Picture this: You are walking home from the store with your son and suddenly he stops to make a phone call. “I’ll be one sec,” he turns to you and says. You decide to keep walking ahead and cut through the alley to get home faster. Suddenly, your heart starts to race, your breathing becomes more shallow, and you immediately know something is terribly wrong.
A person in the distance begins to walk towards you slowly. You breathe a sigh of relief thinking it’s your son, but it’s not. “Are you alright?” the stranger asks. “Do you need help?” You are in full panic mode now and have no idea where you are, or how you got there. As the stranger is about to offer assistance, your son arrives.“She’s with me,” he says. “We’re together.”“I was so worried. Are you okay?” he asks. “Yes, yes, I’m okay,” you respond, relieved to see him.
This scenario is one of three everyday situations featured in A Walk Through Dementia, a unique Google Cardboard app presented in virtual reality. The campaign was led on behalf of Alzheimer’s Research UK, a charity aiming to defeat dementia, to put you in the shoes of someone living with the disease. Many organizations are now leveraging the power of VR to create a deeper emotional connection to their campaigns and causes through personal stories like this one.
“The challenges we were facing with dementia are that people are very dismissive of it,” says Dr. Laura Phipps, head of communications and engagement at Alzheimer’s Research UK, in Cambridge, England. “There’s a big stigma and people didn’t really want to talk about it.”
Dr. Phipps teamed up with VISYON, an innovation company, who created the 3D experience and led the development of the campaign. She says that all the scenarios in the VR app were guided by people living with different forms of dementia. Once the scenarios were established, the charity connected with Google UK who created the 3D virtual experience and released it on its platform for free.
In the past, Alzheimer’s Research UK relied on traditional communication channels to help raise awareness of this often-misunderstood condition. In fact, many people mistakenly believe dementia is just a by-product of aging. Dr. Phipps says the reality is that dementia is a condition caused by diseases—most commonly Alzheimer’s—that damage different areas of the brain leading to a variety of challenging symptoms.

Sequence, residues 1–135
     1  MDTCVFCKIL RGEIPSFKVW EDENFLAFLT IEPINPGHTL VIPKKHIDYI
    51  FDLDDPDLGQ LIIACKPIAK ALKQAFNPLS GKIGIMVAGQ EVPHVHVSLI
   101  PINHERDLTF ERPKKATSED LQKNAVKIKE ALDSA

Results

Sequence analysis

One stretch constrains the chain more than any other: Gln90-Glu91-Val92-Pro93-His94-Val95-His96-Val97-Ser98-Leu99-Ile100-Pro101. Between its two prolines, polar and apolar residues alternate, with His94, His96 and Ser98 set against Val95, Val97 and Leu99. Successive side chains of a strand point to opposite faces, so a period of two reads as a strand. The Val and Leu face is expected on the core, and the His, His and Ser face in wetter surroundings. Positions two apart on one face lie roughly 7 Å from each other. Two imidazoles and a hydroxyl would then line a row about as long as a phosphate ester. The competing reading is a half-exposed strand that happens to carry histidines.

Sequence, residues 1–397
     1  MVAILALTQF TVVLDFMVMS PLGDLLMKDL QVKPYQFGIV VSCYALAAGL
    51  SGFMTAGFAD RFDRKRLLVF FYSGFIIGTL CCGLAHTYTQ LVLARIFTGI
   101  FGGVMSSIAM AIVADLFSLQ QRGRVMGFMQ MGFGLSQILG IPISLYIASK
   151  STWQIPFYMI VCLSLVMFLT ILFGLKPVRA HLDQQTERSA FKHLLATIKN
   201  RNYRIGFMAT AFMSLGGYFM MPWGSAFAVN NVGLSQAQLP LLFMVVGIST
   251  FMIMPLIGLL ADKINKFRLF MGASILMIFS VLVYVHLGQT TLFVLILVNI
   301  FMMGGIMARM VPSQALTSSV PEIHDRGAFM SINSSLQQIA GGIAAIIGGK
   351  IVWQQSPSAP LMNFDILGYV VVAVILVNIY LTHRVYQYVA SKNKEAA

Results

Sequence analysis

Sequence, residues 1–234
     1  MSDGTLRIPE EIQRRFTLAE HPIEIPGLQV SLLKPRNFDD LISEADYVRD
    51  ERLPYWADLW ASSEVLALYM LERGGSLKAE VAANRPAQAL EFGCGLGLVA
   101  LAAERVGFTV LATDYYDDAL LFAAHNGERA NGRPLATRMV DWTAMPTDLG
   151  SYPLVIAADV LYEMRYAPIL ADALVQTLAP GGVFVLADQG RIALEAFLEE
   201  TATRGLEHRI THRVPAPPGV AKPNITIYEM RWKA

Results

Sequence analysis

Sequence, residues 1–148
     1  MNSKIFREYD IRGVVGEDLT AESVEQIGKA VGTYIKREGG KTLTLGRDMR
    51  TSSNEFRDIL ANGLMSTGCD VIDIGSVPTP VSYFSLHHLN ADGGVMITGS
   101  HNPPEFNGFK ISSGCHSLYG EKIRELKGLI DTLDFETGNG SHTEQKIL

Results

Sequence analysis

In order to capture and truly immerse the audience into experiencing the common dementia feelings of disorientation, fear, and hopelessness, it was important for the charity to use a technology that would fully place users within a simulated environment where these symptoms could be experienced. They chose VR—and it worked. The campaign received 5,000 app downloads and gained international recognition, with various organizations requesting translated versions of the app.
Once upon a time, VR was only being used by the gaming industry
That’s all changed, says Michael Thibodeau, who is the HoloLens and Mixed Reality Lead at Microsoft Canada. Michael says today’s technological advances, which includes Microsoft’s HoloLens—the rst self-contained, holographic computer, enabling you to engage with your digital content and interact with holograms in the world around you—has paved the way for VR’s use in multiple sectors, including education and health care. Instead of being outsiders looking in, mixed reality allows users to be completely immersed in an alternate 3D reality, engaging with settings and environments, including touching, hearing and feeling—all the complexities of a real-life simulation.
“Mixed reality and VR will continue to grow in storytelling,” saysMr. Thibodeau. “People’s familiarity with the technology will increase, and so will their understanding of which tool to use and when.”
Brands are just scratching the surface with what can be done to leverage VR, but that doesn’t mean all audiences will be receptive to it
“It is not yet a ripe technology,” says Dr. Robert Kozinets, a globally-recognized expert on marketing research and branding. Dr. Kozinets points out that VR, due to its 3D qualities and abilities to encourage the immersive engagement of human senses, is more of an “intrusive technology” than consumers are used to. He says it requires participants to, first, have a headset on hand, and second, make conscious time dedicated to experience the event or activity at hand, as it requires both dynamic and active physical participation.
With these up-front requirements and limitations, Dr. Kozinets believes VR is not a technology meant to be used passively by your everyday commuter on the subway to work, or by your daily fast food customer, waiting around for their order.
In addition, he says the other obstacle standing in the way of VR is its cost. Although it has become much more affordable and consumer-friendly since its introduction, VR requires the appropriate equipment (a headset) and the development of a corresponding software application, which means financial resources will need to be set aside to create a truly successful VR experience.
However, all the experts agree that VR’s greatest potential can be leveraged at special events, with a predetermined location, time and set up—rather than for everyday use integrated within our daily activities.
Alzheimer’s Research UK is doing just that. In addition to its VR app, it has created an interactive learning stand that is featured at all the organization’s public events to highlight A Walk Through Dementia. If the line-up at their learning stand is any indication, their audiences don’t mind putting a little VR into their real lives.
“VR in PR” was written by first semester students Tatiana Forero, Aleksandra Kaliszuk and Kasserine Nifras. They interviewed the subjects, wrote the story, and helped direct the design.
Illustrations by Ben Weeks, Canada.